Strength of Our Fathers

November 20, 2009
By , Liverpool, NY
"Hi Papa!" I called as I wrapped my arms around my smiling grandfather. Although sixty years old, he looked as if he was ten years younger,
sleek in his black leather jacket pulled over a striped button down shirt. He kicked off his sneakers to reveal gray socks peeking out
from the hem of his faded jeans. My grandmother, Nana, was a good match for him. She was into fashion and shopping, and wore that day a
cheerful yellow shirt- the color of her hair- and jeans. She was also sixty, but the age hid well on her sweet face.
My grandparents had made the ten minute trip to our house for an evening of pizza, chicken wings, and good times. As I sat in a
kitchen chair, legs crossed and fingers tracing the stitches down my jeans, I opened my eager ears wide and let the flow of words fill them.
For as far back as I can remember, I've loved the past. History was my thing, food for my ever hungry mind. Personal histories,
memories, were a feast for me. I greedily chewed on the conversation my dad and his father were immersed in, standing side by side in the
bright kitchen, occasionally pausing to take a bite of pizza from their greasy plates or a swig of beer from their cans.
Something about the way my papa told a story took my breath away, had me floating between the sands of time and left my mind
in a frenzy. But something particular caught me off guard. My father had mentioned something about the war and related it to Vietnam.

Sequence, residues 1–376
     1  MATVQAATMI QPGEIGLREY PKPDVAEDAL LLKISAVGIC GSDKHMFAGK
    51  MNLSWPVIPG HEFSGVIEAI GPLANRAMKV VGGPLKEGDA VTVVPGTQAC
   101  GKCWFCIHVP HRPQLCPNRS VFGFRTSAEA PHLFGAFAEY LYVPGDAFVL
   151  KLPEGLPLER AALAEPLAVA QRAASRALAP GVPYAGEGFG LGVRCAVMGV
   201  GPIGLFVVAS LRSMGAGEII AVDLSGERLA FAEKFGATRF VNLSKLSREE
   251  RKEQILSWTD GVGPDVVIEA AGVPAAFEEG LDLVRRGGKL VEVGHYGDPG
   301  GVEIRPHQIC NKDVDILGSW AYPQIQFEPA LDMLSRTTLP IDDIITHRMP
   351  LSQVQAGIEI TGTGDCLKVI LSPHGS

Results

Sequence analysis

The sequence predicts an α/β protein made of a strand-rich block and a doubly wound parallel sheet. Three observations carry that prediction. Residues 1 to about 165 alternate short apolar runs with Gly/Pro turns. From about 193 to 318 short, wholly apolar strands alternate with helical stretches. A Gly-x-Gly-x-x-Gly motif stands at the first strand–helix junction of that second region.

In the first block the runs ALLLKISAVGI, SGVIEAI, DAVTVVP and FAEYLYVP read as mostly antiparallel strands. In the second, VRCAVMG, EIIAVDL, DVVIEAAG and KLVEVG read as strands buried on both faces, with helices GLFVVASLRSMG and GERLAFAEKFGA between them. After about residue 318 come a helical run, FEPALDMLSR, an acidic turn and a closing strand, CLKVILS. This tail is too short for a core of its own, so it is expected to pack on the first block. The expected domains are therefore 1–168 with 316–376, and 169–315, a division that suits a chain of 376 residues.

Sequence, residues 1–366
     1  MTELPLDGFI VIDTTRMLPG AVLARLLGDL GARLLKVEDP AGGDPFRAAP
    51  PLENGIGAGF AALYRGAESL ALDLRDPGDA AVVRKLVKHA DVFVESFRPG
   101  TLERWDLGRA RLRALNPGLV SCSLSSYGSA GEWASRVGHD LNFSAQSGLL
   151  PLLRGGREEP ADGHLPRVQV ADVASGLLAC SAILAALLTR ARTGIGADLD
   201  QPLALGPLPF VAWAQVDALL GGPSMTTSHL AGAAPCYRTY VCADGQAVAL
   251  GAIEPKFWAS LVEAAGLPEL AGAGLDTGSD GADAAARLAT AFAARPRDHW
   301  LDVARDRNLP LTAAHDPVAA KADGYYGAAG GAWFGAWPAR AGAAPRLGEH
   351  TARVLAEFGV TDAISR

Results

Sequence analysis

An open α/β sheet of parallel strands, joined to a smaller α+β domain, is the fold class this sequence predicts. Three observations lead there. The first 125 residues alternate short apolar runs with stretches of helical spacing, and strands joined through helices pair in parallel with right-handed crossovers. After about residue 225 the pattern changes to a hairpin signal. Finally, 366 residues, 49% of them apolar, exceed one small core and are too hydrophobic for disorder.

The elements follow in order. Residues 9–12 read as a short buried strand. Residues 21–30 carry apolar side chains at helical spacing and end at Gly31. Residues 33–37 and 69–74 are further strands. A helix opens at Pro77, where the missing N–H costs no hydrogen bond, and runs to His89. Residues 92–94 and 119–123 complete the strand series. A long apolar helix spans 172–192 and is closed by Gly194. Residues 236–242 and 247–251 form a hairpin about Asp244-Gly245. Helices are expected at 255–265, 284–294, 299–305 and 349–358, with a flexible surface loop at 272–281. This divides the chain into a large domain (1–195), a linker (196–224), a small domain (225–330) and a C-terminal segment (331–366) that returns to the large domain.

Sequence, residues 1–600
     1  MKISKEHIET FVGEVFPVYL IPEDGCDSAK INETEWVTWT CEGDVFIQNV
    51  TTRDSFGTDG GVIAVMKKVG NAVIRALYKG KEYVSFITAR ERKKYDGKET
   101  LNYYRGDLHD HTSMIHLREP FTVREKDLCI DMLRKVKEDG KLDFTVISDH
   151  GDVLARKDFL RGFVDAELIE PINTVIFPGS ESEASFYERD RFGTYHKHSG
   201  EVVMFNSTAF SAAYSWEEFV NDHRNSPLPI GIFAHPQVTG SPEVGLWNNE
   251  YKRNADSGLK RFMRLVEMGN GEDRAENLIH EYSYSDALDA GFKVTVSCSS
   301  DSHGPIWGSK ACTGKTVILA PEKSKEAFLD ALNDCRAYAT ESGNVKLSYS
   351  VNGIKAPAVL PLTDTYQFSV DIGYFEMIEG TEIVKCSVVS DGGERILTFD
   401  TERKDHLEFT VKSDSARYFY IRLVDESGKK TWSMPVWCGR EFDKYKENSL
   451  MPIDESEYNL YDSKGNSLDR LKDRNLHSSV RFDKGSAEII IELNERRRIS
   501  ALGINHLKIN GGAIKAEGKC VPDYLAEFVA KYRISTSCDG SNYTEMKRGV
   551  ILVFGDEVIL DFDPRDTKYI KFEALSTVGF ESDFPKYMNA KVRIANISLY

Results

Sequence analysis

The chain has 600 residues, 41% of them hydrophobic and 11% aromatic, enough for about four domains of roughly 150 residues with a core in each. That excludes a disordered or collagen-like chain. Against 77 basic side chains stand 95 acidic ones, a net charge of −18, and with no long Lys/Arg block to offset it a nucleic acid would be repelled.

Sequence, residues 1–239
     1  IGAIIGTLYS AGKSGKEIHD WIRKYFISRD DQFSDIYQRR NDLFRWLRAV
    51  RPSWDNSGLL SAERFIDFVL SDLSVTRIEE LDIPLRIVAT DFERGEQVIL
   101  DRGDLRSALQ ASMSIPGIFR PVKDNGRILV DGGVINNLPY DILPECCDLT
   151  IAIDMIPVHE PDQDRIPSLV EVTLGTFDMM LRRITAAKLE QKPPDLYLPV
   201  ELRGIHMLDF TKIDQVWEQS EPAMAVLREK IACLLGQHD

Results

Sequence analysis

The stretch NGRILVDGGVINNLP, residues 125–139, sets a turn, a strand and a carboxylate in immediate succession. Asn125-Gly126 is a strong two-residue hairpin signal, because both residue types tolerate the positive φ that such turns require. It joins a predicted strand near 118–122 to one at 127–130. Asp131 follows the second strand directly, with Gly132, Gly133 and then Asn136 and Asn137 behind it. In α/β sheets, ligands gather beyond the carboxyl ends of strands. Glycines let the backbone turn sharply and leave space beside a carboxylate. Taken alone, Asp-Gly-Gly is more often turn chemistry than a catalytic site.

"Of course you would know, you were there," he acknowledged with a wave of his hand. Papa's face changed. For a split second he gazed
unfocused off into the distance, and I knew he had travelled back in time. I drew my knees up to my chest and followed him.
He resumed talking in a second, an unnoticeable pause to most perhaps, but it had me whirling back to a time so preceding ours. In
front of my eyes, I watched Papa's face grow clear, less defined, free from the wrinkles and bags he wore as marks of his wisdom. He was
handsome, I knew, when he was young. I had seen a picture of him in uniform. His face was bright and clean, and even through the colorless photo,
I swear I could see the twinkle in his clear blue eyes that so often sparkles today. In that picture he stared back serenely, a quiet young soldier.
So young, I thought. Only a bit older than my brother.
Just that night he had spoken of his childhood house. He had gotten that gleam in his eyes only happy memories can bring.
"The big porch is still there. And the trees out front," he said contently. The young soldier from the picture sprang to life as he marched down
the steps of the big porch, past the towering trees, and down the road. He was leaving the life he had loved so dearly. He had enlisted in the
army, proud to serve his country.
Before me stood Papa, the handsome face of his youth hidden under the mask of age, and wondered how he had felt. Was he proud,
proud of the sacrifice he would make for his beloved home land? Or was he lustful, looking for the kind of adventure only war could bring. My
eyes flickered to Nana, standing regally at his side. Was she at his side then? Was she okay with her boyfriend's decision to go to a far away
place to fight this war in a different world? Did she tell him she'd wait for him? Did he believe her? I saw them now, and when they looked at
each other, their faces shone with the tender affection built strong through the years. Did they feel strong then?
The kitchen erupted with laughter. Papa was always making people laugh. His wide smile was too much to resist; when he smiled at
you, you'd feel the corners of your mouth tug up on their own accord. Did he make his fellow soldiers laugh? Was his smile their comfort in
times of fear and miserableness? Did they become attached to such a glowing soul; did they become friends? Yes, they must have.